The above is evidence that, in spite of some work which has been done by the KWP leadership to improve the situation in the party and to democratize the life of the country, the situation in the KWP and the Republic continues to remain complex, requiring the KWP CC to take gradual steps to introduce Leninist norms of party life and also for fraternal Communist Parties to [pay] close attention to the situation in the KWP.

Considering that the material situation of the population of the DPRK is still extremely serious, it is necessary for the KWP leadership and the DPRK to take all possible steps to constantly raise the standard of living of the workers, which is an indispensable condition for the further consolidation of the domestic political situation in the republic and the peaceful unification of the country on democratic principles.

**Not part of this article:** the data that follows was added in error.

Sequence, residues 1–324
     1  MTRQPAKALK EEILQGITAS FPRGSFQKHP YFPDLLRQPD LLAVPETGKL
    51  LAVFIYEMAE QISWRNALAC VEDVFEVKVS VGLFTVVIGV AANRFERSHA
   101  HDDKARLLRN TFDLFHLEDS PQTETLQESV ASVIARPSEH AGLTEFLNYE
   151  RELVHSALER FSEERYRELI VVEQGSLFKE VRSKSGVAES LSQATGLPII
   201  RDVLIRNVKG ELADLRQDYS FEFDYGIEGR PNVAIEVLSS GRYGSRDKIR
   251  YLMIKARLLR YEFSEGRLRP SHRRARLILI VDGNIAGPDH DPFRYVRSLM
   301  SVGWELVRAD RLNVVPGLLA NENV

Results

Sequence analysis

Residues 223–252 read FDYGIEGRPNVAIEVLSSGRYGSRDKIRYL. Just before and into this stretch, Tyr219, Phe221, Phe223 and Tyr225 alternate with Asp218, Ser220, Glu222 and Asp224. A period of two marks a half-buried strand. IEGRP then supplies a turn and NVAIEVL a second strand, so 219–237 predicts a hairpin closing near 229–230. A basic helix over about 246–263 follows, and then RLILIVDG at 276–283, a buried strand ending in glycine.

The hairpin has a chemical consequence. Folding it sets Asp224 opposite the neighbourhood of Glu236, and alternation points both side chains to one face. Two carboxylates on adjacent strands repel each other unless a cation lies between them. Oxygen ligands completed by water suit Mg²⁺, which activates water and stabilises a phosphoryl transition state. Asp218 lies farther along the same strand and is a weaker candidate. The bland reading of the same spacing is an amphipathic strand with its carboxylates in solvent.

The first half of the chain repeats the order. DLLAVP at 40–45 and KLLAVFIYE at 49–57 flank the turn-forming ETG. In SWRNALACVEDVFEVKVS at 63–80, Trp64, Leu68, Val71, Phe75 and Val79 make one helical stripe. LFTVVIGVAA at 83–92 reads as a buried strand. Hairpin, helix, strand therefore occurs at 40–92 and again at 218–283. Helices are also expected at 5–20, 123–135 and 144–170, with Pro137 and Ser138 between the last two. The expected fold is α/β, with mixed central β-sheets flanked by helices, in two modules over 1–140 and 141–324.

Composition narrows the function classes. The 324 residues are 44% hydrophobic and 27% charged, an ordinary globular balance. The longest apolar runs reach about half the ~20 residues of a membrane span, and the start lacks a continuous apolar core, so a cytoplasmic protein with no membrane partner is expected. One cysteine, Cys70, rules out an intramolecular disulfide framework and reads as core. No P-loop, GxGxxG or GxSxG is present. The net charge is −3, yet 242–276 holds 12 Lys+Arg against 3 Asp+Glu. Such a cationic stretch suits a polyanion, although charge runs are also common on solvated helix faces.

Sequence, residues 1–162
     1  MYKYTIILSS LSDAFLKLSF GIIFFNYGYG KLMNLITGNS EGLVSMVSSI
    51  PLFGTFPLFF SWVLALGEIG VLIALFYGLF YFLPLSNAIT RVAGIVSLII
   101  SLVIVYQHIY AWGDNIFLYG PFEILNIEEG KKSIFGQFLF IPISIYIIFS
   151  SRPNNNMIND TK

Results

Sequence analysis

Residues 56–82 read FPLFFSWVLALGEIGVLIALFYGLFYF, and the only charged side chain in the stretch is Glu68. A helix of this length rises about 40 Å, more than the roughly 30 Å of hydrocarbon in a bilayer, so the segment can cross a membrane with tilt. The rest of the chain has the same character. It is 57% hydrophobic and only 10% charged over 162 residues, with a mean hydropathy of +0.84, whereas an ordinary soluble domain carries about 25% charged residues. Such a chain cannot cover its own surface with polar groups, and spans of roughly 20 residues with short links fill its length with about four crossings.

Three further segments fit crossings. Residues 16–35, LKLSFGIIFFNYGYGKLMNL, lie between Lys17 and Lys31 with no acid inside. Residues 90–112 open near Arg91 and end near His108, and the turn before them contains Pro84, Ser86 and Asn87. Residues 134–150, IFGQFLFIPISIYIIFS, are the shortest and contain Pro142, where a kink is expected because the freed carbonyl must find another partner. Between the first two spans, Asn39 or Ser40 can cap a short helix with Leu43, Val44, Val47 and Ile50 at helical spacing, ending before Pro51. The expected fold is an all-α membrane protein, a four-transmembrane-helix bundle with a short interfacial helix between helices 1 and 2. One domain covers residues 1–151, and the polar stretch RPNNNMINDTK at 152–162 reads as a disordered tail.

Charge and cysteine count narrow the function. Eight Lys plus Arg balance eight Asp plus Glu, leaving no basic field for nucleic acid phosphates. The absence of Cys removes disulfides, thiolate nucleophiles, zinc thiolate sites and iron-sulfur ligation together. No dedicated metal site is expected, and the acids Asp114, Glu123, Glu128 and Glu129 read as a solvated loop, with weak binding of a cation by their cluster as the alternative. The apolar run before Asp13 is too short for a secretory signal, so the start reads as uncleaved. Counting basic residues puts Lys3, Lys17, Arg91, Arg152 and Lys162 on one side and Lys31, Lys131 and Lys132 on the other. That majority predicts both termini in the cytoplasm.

Bearing in mind the abnormalities in relations between the Korean leadership and the Chinese friends noted above it would be advisable to direct Kim Il Sung's attention to this fact.

USSR Ambassador to the DPRK   V. Ivanov

Authenticated: [illegible signature]

Distributed to

Cdes.

Bulganin Zhukov

Voroshilov Brezhnev

Kaganovich Mukhitdinov

Kirichenko Furtseva

Malenkov Shvernik

Mikoyan Aristov

Molotov Belyayev

Pervukhin Pospelov

Saburov

Suslov

Khrushchev

Nº 2/III

2.I.57

23 copies sent am/ts/mch

Nº 3 2.I.1957